A slice of midtown Manhattan — more specifically the Museum of Modern Art (MoMa) — inspires the contemporary, clean aesthetic at Royapettah’s Folly at Amethyst today. For, across the gallery stand pieces of functional art, each with a story of their own.
A sleek, almost fluid layout introduces each piece – a drink table that is simply a dolphin’s tail, which appears to sprout from the ground, a series of paper cuts on paper canvases enclosed in glass, or a single, standing fan with a bamboo base. There is even a lounge chair, that is almost Surrealist, reminiscent of one of Dali’s molten clocks. Titled Modernism +, the display is a pleasing window into the intersection of art, design and theory. A space where aesthetics marries functionality.
Curated by the design firm Neon Attic helmed by Rambha Sheth and Sripriya Ganesan, the display is a collaboration with designers and artists from across India, with a shared aesthetic. “Through our projects, we started getting into the art world very seriously. We end up working with a lot of galleries across the country, and some that many might not have heard of. So we thought, why not bring them here.”
The show, which has been in the works for almost six months, has tastefully curated corners. It is centred around Modernism, an art movement that originated in the late 19th and early 20th century and encouraged experimentation, both in form and ideology. It is difficult to bracket the movement into a single, linear aesthetic, and the display is aware of this limitation.
Simply put, the show encapsulates the ideology of a home that Rambha and Sripriya would share, if they had one. “We had the theme in mind, which was shared with the artists who customised their work according to their narrative,” adds Rambha. They felt that the whole dialogue around design could be a lot more vibrant in Chennai, and this is an attempt at that.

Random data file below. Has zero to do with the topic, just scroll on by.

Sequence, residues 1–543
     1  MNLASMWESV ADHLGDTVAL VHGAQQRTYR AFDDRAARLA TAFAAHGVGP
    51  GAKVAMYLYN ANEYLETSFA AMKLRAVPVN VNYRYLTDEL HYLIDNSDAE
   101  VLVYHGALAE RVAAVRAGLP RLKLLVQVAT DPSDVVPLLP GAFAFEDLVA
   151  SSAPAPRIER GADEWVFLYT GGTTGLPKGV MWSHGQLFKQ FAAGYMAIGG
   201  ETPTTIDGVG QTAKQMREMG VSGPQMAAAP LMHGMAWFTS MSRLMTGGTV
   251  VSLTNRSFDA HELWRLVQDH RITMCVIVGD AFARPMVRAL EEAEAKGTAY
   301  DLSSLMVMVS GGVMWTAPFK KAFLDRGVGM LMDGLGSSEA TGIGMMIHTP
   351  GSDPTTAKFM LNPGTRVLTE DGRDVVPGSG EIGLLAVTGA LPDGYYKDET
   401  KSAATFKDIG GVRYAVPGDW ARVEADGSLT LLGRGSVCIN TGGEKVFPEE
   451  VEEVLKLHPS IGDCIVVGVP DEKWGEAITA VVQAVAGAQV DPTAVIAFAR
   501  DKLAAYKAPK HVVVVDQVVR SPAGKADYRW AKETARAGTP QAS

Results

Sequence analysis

The featured artists are an eclectic mix of new age and season design firms, as well artists from the country : Vahe, Nama Home, Rhizome, Andblack, Length Breadth Height, Eitri, Java Homes, Rutva Joshi Design, Cultivate Art, 079 Stories, Shailesh Rajput, Harshita Jamthank, Arvind Sundar, Pradeep Ahirwar, Upasana Asrani and Rewati Shahani are a few names to note.
Sripriya says, “The designers whose pieces have been featured in the show are truly making an India for the world.” And they work with local Indian artisans to create their pieces, which was a big draw for the curators.
Sripriya and Rambha believe that there is plenty going on in the country, when it comes to a design aesthetic. “As a Nation, I think it is difficult for us to be minimalist. It is definitely contemporary though. Now, people are looking for a clean, sleek and practical aesthetic,” says Sripriya. “And they are also looking for a story,” adds Rambha.
The show will be on display at The Folly, Amethyst on September 28.